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What does it do?

Efavirenz is used with other medicines to control HIV.

Before you start

  • Tell your doctor if you have liver or mental health problems.
  • Tell your doctor if you are pregnant, planning to become pregnant, or breastfeeding.

How should you take it?

Take efavirenz as directed, usually at night time. It is very important to take it regularly. If you often forget to take efavirenz, it may not work as well.
Take the tablets with a glass of water.
Measure the liquid carefully with an oral syringe or measuring spoon.

What if you forget a dose?

If it is nearly time for your next dose, skip the missed dose and take your next dose at the usual time. Otherwise, take the missed dose as soon as you remember. Do not take two doses at the same time.

Can you take other medicines?

Efavirenz can react with many medicines, sometimes with severe results.
Tell your pharmacist or doctor about all medicines or treatments that you may be taking including vitamins, herbal products, or recreational drugs.

What side effects might you notice?

Side EffectsRecommended action

Severe skin rash, skin peeling or blisters

Stop taking and see your doctor immediately

Symptoms of liver problems including: yellow skin or eyes, itching, dark urine, pale bowel motions, abdominal pain

Suicidal thoughts

Tell your doctor immediately

Unusual behaviour or thinking, low mood, nervousness, anxiety

Tell your doctor

Stomach upset

Tell your doctor if troublesome

Drowsiness, dizziness, trouble concentrating, tiredness or weakness, headache

Trouble sleeping, strange dreams

Common when you first start but should improve in a few weeks. Taking at night may help. If these continue or are severe, tell your doctor.

Skin rash

This can occur in the first few weeks. Rarely, this may be serious. Ring your clinic to check

If you notice any other effects, discuss them with your doctor or pharmacist.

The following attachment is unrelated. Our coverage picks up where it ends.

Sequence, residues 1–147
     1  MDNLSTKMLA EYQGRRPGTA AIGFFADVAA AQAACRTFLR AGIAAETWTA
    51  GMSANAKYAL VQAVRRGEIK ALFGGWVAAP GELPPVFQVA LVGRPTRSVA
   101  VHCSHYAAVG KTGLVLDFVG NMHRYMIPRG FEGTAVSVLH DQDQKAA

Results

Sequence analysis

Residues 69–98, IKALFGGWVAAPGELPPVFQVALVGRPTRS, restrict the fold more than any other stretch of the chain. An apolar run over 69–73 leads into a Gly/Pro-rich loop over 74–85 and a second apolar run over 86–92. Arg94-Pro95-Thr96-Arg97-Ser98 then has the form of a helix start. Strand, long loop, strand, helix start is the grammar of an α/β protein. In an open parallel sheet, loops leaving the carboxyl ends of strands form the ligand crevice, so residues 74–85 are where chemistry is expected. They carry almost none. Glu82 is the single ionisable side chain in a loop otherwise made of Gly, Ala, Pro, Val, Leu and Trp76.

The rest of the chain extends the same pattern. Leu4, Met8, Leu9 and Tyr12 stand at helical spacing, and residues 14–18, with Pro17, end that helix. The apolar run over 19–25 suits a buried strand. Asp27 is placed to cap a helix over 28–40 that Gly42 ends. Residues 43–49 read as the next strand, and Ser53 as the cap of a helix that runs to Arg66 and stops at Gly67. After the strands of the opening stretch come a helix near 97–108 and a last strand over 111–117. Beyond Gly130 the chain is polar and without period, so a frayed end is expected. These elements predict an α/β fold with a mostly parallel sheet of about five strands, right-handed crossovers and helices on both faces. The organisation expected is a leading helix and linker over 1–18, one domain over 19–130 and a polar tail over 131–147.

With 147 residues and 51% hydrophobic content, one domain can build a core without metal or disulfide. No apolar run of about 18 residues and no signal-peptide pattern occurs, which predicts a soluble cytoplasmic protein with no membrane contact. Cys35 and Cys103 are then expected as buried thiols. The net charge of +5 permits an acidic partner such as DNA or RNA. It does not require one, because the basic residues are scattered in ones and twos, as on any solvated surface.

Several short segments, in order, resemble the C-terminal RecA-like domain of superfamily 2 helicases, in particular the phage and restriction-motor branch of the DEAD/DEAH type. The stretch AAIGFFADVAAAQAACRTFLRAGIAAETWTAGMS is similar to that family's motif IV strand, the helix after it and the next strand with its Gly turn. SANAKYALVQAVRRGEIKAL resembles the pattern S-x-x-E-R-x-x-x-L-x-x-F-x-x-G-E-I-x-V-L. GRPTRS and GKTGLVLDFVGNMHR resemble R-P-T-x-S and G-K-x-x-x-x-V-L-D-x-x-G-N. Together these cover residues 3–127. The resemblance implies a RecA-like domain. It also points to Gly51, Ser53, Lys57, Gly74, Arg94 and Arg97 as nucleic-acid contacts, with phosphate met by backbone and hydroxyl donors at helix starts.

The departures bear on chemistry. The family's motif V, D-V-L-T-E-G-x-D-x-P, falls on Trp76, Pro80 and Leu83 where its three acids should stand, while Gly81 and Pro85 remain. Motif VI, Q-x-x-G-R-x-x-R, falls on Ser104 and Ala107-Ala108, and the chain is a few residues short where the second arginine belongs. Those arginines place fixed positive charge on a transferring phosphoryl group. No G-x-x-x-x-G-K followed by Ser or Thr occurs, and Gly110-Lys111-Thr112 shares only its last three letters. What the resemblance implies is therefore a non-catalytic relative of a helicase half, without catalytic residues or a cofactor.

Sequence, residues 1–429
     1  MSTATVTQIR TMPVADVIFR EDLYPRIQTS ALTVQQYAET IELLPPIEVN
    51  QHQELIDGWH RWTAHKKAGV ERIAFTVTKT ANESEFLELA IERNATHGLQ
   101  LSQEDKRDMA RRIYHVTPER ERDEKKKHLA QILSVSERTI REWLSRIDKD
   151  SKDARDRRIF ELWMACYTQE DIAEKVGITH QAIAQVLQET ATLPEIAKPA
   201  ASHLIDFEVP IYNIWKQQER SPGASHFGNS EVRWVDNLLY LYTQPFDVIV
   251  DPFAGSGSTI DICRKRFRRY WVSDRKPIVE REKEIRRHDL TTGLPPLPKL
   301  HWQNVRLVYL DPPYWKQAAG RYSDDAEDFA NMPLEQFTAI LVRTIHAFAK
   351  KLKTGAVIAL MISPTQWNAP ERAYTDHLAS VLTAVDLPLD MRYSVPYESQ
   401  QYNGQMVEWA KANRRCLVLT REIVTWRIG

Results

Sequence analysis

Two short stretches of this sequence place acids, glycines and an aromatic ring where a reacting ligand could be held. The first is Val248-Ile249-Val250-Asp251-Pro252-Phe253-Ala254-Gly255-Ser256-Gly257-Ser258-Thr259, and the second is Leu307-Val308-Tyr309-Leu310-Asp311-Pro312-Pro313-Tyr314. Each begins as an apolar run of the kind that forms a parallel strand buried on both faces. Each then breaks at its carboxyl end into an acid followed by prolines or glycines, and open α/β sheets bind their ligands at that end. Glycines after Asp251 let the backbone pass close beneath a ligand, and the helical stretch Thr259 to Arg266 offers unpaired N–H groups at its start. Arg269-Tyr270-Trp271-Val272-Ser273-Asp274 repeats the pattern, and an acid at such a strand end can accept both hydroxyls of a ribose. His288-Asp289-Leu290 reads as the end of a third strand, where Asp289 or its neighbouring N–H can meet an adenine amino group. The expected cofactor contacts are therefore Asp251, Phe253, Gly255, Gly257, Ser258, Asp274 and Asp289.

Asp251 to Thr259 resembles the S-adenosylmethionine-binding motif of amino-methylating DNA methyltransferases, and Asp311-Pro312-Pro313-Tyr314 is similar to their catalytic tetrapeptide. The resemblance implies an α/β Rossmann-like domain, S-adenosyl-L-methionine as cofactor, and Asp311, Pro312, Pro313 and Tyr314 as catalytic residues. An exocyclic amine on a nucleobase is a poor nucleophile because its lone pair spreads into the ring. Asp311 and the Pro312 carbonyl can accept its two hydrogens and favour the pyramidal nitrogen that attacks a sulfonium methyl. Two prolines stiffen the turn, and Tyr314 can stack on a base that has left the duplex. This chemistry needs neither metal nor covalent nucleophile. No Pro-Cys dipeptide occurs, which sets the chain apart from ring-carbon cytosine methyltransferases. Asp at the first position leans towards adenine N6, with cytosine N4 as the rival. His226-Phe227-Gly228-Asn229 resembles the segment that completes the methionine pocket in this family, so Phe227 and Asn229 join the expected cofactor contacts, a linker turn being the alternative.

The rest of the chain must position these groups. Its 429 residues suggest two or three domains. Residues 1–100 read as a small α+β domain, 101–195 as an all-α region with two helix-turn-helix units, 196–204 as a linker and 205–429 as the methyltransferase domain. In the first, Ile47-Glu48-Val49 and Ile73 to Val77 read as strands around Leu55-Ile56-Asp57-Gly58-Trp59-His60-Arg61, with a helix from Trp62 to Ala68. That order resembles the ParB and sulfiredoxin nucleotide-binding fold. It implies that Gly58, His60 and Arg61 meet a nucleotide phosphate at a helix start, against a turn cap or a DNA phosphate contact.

Other information:

  • You will need regular blood tests while taking efavirenz to check if it is causing problems with your liver. You will also need blood tests to check your viral load.
  • Efavirenz can impair your ability to do tasks such as driving or using machines. Alcohol makes this worse. Discuss your risk with your health professional. (search NZTA - Are you safe to drive?)
  • Grapefruit, grapefruit juice or sour/Seville oranges may react with efavirenz. Discuss with your pharmacist.
  • As your HIV comes under control, your immune system begins to recover. It may start fighting infections better than before which may make you unwell for a while. Your doctor may call this Immune Reconstitution Syndrome.
  • Treatment for HIV may change your body shape. These changes can include fat build-up, fat loss, or both. Discuss this with your doctor.
  • Do not stop taking efavirenz without talking to your doctor first.
  • Efavirenz liquid expires 30 days after you first open the bottle. If you have any liquid leftover after 30 days, take it back to your pharmacy.

This leaflet contains important, but not all, information about this medicine.

Prepared by the MyMedicines Committee at Christchurch Hospital, Te Whatu Ora - Waitaha, New Zealand. March 2023

For more general information about this sheet and its contents, see: What does a My Medicines sheet cover?

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About My Medicines

My Medicines Patient Information Leaflets (PILs) contain important, but not all, information about the medicines they describe.

For more information about the sheets, see: What does a My Medicines sheet cover?

My Medicines is developed by a team at Te Whatu Ora – Waitaha. Our team is made up of doctors, pharmacists, and a non-medical person to help us keep to plain language. We also discuss our information with specialist health professionals or groups when needed